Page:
Tuesday, September 15, 2015

The Bursting Sexuality of Teenage Girls

Religion plays a large part in the The Unraveling of Mercy Louis by Keija Parssinen. The book opens on the last day of school, the end of Mercy’s junior year in high school. A star basketball player, she’s recovering from her team’s loss of a state championship and her loss of the collegiate scholarships that victory would have secured for her.

On the verge of womanhood, Mercy is dominated by her pious grandmother. However, the core of Mercy’s identity is shaped by the absence of her mother. As the story progresses, Mercy’s Charmaine-shaped hole undermines the framework of her accomplishments, much-like a sinkhole might collapse the stilts of a house built to withstand future floods.

The novel is set in the small town of Port Sabine, TX, Janis Joplin’s birthplace. It’s a great choice for a story about the physical, psychological, and spiritual constraints of a city with little more than a Sonic to showcase the bursting sexuality of its teenage girls.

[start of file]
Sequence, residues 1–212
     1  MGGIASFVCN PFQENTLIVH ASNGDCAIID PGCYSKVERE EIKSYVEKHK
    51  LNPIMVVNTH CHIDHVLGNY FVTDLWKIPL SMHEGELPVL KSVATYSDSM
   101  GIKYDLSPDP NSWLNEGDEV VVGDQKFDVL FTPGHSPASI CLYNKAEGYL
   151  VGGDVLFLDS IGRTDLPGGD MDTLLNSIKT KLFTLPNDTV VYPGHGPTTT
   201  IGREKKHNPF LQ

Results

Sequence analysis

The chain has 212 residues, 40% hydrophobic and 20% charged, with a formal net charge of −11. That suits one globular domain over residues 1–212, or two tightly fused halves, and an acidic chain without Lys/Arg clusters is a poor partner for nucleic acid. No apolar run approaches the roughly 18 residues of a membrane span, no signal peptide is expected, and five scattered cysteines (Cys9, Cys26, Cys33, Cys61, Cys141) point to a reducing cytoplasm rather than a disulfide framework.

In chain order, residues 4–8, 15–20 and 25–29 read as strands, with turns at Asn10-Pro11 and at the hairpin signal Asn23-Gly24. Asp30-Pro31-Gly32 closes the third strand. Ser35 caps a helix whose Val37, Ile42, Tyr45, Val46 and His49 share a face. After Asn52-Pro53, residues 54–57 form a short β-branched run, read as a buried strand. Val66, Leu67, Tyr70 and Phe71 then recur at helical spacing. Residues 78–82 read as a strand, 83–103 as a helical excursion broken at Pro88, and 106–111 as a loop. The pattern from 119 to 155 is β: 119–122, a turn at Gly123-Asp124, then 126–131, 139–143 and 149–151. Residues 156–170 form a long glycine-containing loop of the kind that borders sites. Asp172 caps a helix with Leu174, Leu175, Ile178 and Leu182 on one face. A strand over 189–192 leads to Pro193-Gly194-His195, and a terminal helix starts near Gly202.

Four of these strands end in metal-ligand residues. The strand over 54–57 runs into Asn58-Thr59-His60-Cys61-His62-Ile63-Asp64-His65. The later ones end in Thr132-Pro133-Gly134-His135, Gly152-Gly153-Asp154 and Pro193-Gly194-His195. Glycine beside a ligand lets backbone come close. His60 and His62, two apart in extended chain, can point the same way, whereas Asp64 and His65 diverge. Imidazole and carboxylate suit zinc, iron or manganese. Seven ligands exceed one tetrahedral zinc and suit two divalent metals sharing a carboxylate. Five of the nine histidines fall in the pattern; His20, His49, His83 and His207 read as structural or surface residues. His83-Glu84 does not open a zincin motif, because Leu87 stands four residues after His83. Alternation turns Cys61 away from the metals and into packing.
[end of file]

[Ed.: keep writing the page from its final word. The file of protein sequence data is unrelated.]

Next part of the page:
A dead baby discovered in a dumpster early on galvanizes accusations, shame, suspicion and political ambition.

The lens is a sharp one. Sex is forbidden, a young woman’s body to be saved for the marriage bed, sealed with vows of chastity made at purity balls. There’s no middle ground, no room for reality or humanity to seep in. The whole story drives home the difficulty of those years when hormones rule flesh awakening to desire; and hearts yearn for love beyond the confines of the parental home. Tricky ones, those years. The space between what actually happens and "what is purported as ideal” creates a gulf so wide nothing constructed by human hands could bridge it.

Mercy’s slide into the uncharted abyss every teenage girl must navigate is harrowing, moving, touching, and penetrating, as her grandmother’s spiritual knife becomes ruthless and attempts to sever all that is life-giving at the roots.


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